The Warlocks’ reputation hasn’t recovered from shooting outside of the Echo
Maybe more than any other local band, the Warlocks will be glad to see 2010 gone.
On June 20, the psychedelic outfit played a show at the Echo as part of a night booked by the Eastside DJ crew, the Part Time Punks. Around 2 in the morning, as Warlocks frontman Bobby Hecksher was packing up his gear onstage, he heard gunshots outside.
“It wasn’t one bullet, it was a full-on onslaught,” he recalled, speaking six months later in a coffee shop near his apartment in Northeast Los Angeles. “I heard people screaming and yelling, and then everyone ran inside.”
A gunman had fired about eight rounds from a semiautomatic pistol into the small crowd leaving the Echo, injuring three people, and then quickly escaped.
“One guy came and sat down to the left of the stage,” Hecksher said. “He was holding his head in his hands. And there are people around him and he says, ‘A bullet just grazed my head.’ … He had a gash there. It looked like it had just nicked him.”
About a month later, the police arrested an alleged member of the Mongols biker gang, Jose Luis Sanchez, in connection with the shooting, which the police established as targeting a member of the rival Hell’s Angels motorcycle gang who had been inside the Sunset Boulevard rock club.
All three victims have recovered, including a man who sustained the most critical injury, a gunshot to the torso. However, Hecksher says his band’s reputation is still hurting, and he has been having a hard time getting L.A. bookings in the wake of the shootings.
According to LAPD Lt. Wes Buhrmester, a watch commander with the Rampart station, “the band's involvement, or lack of same, was investigated pursuant to the overall investigation of how this incident occurred, and no link to the suspect was found.” The case will be going to jury trial in early 2011.
“My phone was ringing all the time,” Hecksher said, still visibly shaken as he recalled the incident. “I was in shock, and I didn’t know what to do or if I should do anything. My manager, Mary Patton, was trying to convey the same message I am now: We had nothing to do with this. We’re a rock ’n’ roll band, that’s all.”
A decade into their career, the Warlocks have taken their fair share of hits. In addition to having a deal with Mute Records that ended in the mid-’00s, their latest U.S. tour, in 2009, was hammered by the bad economy. They fared decently in major cities but couldn’t bring in enough on the smaller stops to cover their expenses. Tensions rose, and Hecksher’s close friend, drummer Bob Mustachio, quit the band.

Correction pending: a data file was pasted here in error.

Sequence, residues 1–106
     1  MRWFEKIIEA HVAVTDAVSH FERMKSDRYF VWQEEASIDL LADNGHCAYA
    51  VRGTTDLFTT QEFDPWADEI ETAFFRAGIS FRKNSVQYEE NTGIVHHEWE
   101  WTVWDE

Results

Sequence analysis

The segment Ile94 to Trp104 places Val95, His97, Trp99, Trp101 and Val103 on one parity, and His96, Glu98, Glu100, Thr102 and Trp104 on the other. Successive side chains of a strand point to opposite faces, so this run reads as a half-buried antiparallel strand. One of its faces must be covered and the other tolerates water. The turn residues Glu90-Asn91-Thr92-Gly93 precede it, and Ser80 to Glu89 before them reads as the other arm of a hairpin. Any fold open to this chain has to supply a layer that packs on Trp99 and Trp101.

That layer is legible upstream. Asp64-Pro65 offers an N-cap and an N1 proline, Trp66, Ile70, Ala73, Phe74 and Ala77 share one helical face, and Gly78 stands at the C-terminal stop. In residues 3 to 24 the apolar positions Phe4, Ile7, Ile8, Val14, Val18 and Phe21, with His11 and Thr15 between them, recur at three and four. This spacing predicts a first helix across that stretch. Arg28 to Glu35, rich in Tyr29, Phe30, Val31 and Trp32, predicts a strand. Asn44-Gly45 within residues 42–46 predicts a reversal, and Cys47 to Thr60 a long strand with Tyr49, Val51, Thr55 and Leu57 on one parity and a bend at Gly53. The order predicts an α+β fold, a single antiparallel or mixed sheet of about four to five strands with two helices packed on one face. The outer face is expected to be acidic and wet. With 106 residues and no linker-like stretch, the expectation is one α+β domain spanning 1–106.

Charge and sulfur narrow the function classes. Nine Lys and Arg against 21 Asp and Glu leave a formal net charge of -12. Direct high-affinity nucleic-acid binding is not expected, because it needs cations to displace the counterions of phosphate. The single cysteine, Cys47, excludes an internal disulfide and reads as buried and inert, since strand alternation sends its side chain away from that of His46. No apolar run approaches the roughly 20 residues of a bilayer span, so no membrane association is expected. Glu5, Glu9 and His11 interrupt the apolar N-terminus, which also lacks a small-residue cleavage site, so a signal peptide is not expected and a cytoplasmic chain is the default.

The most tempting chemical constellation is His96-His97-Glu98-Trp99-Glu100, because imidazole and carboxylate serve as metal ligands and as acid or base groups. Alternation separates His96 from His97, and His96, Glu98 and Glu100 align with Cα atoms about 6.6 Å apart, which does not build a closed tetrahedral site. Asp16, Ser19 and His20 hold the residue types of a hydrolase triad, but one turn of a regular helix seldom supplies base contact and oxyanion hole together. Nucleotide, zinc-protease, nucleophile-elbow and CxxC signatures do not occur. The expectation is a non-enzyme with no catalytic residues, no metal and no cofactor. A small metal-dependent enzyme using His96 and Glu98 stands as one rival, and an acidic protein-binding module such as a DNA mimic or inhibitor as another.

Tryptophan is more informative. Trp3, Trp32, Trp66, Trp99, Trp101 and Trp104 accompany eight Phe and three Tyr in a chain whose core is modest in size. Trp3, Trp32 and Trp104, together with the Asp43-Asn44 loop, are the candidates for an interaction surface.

Since the shooting, the Warlocks have reissued “Rise and Fall,” their first album long out of print, on their new label Zap Banana. They also toured Europe in November and December, playing to sold-out crowds.
But despite having his hopes buoyed by young European audiences reveling in an American tradition founded in part by the Velvet Underground, Hecksher is still worried about the reputation of his band close to home.
“It’s not like anyone has said, ‘You can’t play here,’ but we haven’t been asked to do a show in L.A. since then,” he said. “Usually we get asked three or four times a year.”
Hecksher has managed to secure his first official homecoming gig at the all-ages club the Smell, where the Warlocks will perform on New Year’s Eve.
For Jim Smith, the owner of the venerable punk institution, having the Warlocks play is a return to the club’s roots.
“The Warlocks, and Bobby in particular, have been a part of our history. They’ve been playing here since we first opened in North Hollywood in 1998.”
Brian Smith (no relation), booker at the Troubadour, where the Warlocks have played several times since their start in the late ’90s, wrote in an e-mail: “The Warlocks are one of the great underappreciated Los Angeles rock bands who have played probably every club and bar in the city over the last ten years. What happened in June was tragic and a sad moment for the L.A. music community but as far as I know there is no official or unofficial ban in Los Angeles.”
But the idea of the band being “banned” on their home turf does seem to have circulated in the music community.
“I, oddly enough, heard about their being banned in Los Angeles from a European promoter,” Brian Smith continued. “I would really hate to think that anyone would use the ‘ban’ as a way to unnecessarily spin their music as being dangerous or even glorifying any mysticism that might be left in rock n roll in the year 2010.”
Another prominent Los Angeles booker, who has worked with the band but who asked anonymity because of potential business dealings, stated that the Warlocks, who cultivate a heavy image with songs such as “Dilaudid” and “Shake the Dope Out” — both nods to drug culture — does attract a certain crowd.
“The Warlocks do have a Hell’s Angels following, that’s what I was told,” the source said. “Would it stop me from booking them? Not necessarily. It would have more to do with their diminishing draw.”
Although Hecksher vehemently denies the band’s involvement with motorcycle gang culture, he obviously can’t speak for every last one of his fans. “Have I seen motorcycles at our shows? Sure. Do I know what those bikers are involved in? No.”
For Hecksher, the fallout from the shooting is another in a long line of misfortunes, but he has no plans to dismantle the Warlocks. In fact, he plans to write another album come spring.
“I’m a songwriter,” he said. “I have a love-hate thing with this music stuff. It’s a lot of hours, a lot of problems, and there isn’t much encouragement. But the songs keep coming out of me. I love music, and that will never change.
The Warlocks perform tonight with the Meek, Black Flamingo, Chelsea Wolf and others at the Smell, 247 S. Main St. $5.
Photo: Bobby Hecksher in Northeast L.A. Credit: Genaro Molina / Los Angeles Times